Reproduction - It is believed that Whale Sharks do not become sexually mature until they are about 25 to 30 years old and about 9m (30ft) in length. There has been a lot of confusion about how Whale Sharks gave birth. There are 3 forms of reproduction in sharks ovoviviparity, oviparity and viviparity;

In 1995, an 11-meter female whale shark was harpooned off the eastern coast of Taiwan and 300 fetal specimens, ranging in length from 42 to 63cm, were taken from the two uteri. This discovery proved that the species is a livebearer, with an ovoviviparous mode of development. Whale Sharks have never been seen mating or giving birth. Males have Claspers, which are inserted into the female.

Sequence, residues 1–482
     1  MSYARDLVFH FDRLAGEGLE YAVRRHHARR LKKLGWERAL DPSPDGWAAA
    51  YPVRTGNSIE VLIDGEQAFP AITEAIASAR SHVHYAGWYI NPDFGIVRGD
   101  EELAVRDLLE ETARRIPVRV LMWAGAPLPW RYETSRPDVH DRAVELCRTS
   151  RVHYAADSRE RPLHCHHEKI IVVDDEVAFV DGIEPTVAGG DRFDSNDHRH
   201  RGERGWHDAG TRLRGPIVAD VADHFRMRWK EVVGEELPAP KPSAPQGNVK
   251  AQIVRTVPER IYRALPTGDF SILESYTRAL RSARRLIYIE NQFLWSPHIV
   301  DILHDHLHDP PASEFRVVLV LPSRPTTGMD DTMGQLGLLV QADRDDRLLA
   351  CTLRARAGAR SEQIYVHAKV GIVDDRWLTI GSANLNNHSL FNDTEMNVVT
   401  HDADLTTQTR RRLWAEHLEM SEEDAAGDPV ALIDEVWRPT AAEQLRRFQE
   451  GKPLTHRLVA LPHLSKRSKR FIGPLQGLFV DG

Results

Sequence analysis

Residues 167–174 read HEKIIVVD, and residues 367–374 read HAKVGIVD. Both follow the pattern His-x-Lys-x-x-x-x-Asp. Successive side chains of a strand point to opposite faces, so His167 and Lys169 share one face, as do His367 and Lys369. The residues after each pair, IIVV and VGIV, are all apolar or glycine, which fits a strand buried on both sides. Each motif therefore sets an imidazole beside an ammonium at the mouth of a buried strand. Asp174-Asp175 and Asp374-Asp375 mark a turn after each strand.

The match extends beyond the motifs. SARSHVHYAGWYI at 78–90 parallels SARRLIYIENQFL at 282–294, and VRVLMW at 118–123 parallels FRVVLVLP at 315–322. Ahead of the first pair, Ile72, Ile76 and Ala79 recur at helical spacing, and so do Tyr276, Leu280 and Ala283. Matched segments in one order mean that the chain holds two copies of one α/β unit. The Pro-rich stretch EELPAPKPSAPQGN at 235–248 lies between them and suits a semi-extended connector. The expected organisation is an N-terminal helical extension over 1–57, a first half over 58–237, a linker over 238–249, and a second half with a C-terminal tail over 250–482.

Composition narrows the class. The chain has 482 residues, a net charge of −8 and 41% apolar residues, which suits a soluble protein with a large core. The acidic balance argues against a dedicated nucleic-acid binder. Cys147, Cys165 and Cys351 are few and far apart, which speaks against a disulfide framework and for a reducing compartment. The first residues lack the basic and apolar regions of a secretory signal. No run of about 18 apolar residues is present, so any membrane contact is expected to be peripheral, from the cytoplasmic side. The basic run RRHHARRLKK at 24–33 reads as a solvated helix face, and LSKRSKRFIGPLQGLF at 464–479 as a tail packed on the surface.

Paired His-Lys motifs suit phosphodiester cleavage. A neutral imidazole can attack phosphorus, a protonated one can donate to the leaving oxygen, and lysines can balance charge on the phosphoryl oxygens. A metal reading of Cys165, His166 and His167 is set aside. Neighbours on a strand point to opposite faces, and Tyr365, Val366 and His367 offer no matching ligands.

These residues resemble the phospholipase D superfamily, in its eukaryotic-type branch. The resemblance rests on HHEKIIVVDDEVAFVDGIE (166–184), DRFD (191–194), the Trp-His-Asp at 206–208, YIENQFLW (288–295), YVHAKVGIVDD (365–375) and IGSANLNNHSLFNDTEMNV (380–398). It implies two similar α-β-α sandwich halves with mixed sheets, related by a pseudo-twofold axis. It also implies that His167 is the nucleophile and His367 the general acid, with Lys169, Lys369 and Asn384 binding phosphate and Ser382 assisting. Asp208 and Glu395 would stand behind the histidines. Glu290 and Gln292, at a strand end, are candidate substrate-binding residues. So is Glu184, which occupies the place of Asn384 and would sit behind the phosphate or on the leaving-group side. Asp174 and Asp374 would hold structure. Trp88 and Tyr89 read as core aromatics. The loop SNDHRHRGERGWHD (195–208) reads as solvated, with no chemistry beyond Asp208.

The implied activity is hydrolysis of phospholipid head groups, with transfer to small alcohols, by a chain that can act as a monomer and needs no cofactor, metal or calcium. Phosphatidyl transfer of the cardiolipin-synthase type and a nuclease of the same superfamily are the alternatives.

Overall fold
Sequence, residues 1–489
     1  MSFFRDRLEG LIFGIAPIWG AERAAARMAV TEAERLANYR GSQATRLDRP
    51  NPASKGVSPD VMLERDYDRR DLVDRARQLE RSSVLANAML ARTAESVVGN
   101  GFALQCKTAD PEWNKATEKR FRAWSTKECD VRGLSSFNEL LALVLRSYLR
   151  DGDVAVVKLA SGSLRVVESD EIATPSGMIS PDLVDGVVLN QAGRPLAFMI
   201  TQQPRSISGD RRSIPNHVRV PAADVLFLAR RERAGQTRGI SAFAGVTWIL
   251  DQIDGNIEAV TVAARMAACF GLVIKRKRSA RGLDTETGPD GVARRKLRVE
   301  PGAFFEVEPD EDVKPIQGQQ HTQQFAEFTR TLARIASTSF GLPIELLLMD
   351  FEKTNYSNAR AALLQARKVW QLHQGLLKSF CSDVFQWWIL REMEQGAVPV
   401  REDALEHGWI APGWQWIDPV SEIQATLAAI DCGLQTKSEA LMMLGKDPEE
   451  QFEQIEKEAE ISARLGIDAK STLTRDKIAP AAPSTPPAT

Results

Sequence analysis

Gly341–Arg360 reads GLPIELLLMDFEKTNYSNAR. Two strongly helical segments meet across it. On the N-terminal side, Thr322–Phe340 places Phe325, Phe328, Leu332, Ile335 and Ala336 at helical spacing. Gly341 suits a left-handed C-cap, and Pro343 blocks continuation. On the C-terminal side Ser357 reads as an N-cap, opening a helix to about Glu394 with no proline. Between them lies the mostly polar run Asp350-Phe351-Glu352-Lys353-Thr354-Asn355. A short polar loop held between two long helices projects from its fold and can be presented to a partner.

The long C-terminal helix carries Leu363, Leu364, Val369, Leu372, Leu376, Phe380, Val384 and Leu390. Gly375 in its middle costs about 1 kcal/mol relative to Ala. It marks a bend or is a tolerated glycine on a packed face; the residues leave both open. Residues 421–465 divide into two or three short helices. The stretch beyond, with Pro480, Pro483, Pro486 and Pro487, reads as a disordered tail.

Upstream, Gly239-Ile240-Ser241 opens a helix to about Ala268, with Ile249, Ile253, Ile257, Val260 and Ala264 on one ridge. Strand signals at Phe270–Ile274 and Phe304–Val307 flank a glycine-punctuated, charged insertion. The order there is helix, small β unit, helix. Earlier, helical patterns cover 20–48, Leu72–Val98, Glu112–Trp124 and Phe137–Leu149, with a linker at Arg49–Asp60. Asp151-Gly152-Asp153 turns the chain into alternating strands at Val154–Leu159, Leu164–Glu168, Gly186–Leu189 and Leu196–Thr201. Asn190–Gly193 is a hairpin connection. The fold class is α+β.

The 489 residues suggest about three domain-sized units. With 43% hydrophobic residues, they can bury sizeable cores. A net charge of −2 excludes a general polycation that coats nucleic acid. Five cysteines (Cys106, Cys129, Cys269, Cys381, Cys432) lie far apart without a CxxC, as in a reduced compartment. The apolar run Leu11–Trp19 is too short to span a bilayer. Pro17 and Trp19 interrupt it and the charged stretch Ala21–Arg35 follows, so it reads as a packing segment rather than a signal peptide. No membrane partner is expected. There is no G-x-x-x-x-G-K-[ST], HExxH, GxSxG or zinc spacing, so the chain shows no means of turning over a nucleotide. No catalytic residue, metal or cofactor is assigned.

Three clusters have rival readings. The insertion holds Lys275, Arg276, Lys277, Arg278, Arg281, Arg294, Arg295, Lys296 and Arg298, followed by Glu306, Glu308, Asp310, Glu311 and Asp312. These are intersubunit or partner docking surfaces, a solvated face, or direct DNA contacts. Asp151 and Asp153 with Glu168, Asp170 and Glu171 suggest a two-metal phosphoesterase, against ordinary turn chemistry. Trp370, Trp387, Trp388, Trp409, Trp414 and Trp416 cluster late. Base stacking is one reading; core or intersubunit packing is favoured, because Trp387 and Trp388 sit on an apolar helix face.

Predators - Humans are the main predators of Whale Sharks, also the remains of young have been found in the stomachs of Blue Sharks and Marlins. It is also believed that Orcas, (Killer Whales) may attack Whale Sharks.

Whale Shark Conservation

See also - Whale Shark in Utila, Research, Controversy, Encounters